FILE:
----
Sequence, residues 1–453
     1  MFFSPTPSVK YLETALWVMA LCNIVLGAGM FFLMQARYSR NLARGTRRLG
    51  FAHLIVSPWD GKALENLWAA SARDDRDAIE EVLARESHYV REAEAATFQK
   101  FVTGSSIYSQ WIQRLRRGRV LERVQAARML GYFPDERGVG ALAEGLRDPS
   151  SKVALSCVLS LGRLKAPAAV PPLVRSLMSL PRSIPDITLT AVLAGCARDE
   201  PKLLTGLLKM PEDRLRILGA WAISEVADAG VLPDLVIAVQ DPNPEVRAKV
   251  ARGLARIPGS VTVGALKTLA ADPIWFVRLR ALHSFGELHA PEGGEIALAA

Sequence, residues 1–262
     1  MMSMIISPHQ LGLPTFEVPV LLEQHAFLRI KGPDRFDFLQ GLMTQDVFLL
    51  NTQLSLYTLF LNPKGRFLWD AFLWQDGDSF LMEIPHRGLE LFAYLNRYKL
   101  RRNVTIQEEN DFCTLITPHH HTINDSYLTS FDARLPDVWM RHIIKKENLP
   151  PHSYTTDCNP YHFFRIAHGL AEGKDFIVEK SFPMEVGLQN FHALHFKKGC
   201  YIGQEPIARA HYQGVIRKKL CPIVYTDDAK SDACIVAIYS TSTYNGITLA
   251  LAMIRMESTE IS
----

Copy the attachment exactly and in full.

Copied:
Sequence, residues 1–453
     1  MFFSPTPSVK YLETALWVMA LCNIVLGAGM FFLMQARYSR NLARGTRRLG
    51  FAHLIVSPWD GKALENLWAA SARDDRDAIE EVLARESHYV REAEAATFQK
   101  FVTGSSIYSQ WIQRLRRGRV LERVQAARML GYFPDERGVG ALAEGLRDPS
   151  SKVALSCVLS LGRLKAPAAV PPLVRSLMSL PRSIPDITLT AVLAGCARDE
   201  PKLLTGLLKM PEDRLRILGA WAISEVADAG VLPDLVIAVQ DPNPEVRAKV
   251  ARGLARIPGS VTVGALKTLA ADPIWFVRLR ALHSFGELHA PEGGEIALAA

Sequence, residues 1–262
     1  MMSMIISPHQ LGLPTFEVPV LLEQHAFLRI KGPDRFDFLQ GLMTQDVFLL
    51  NTQLSLYTLF LNPKGRFLWD AFLWQDGDSF LMEIPHRGLE LFAYLNRYKL
   101  RRNVTIQEEN DFCTLITPHH HTINDSYLTS FDARLPDVWM RHIIKKENLP
   151  PHSYTTDCNP YHFFRIAHGL AEGKDFIVEK SFPMEVGLQN FHALHFKKGC
   201  YIGQEPIARA HYQGVIRKKL CPIVYTDDAK SDACIVAIYS TSTYNGITLA
   251  LAMIRMESTE IS